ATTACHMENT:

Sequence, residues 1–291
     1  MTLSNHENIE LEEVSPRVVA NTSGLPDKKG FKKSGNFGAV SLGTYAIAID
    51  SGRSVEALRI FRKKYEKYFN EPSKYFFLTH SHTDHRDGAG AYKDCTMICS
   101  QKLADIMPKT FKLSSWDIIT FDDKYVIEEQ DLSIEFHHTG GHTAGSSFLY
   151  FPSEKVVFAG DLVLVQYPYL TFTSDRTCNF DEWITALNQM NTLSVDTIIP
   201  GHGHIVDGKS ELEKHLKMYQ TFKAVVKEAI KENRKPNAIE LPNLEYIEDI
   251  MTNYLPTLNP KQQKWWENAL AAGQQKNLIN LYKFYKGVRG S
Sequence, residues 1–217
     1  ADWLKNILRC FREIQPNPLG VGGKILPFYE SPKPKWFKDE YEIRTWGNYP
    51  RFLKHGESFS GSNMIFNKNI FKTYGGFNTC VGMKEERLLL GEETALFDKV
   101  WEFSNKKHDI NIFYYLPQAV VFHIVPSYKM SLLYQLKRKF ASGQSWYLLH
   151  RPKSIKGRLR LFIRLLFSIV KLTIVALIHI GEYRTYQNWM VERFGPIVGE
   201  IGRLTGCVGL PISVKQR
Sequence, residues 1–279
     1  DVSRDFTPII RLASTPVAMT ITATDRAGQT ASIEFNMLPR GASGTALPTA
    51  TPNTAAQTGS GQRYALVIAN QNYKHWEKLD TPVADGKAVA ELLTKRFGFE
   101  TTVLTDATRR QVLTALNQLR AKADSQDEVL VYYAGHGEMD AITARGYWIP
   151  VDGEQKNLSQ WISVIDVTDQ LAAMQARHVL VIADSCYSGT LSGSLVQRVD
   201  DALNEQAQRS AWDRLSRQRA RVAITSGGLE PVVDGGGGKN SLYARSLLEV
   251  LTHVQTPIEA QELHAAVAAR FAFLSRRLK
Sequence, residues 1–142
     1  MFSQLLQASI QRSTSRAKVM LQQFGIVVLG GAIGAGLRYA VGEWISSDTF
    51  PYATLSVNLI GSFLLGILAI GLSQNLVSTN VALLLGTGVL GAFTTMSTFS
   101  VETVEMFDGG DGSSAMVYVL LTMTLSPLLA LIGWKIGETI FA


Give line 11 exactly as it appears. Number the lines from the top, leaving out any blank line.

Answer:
   101  WEFSNKKHDI NIFYYLPQAV VFHIVPSYKM SLLYQLKRKF ASGQSWYLLH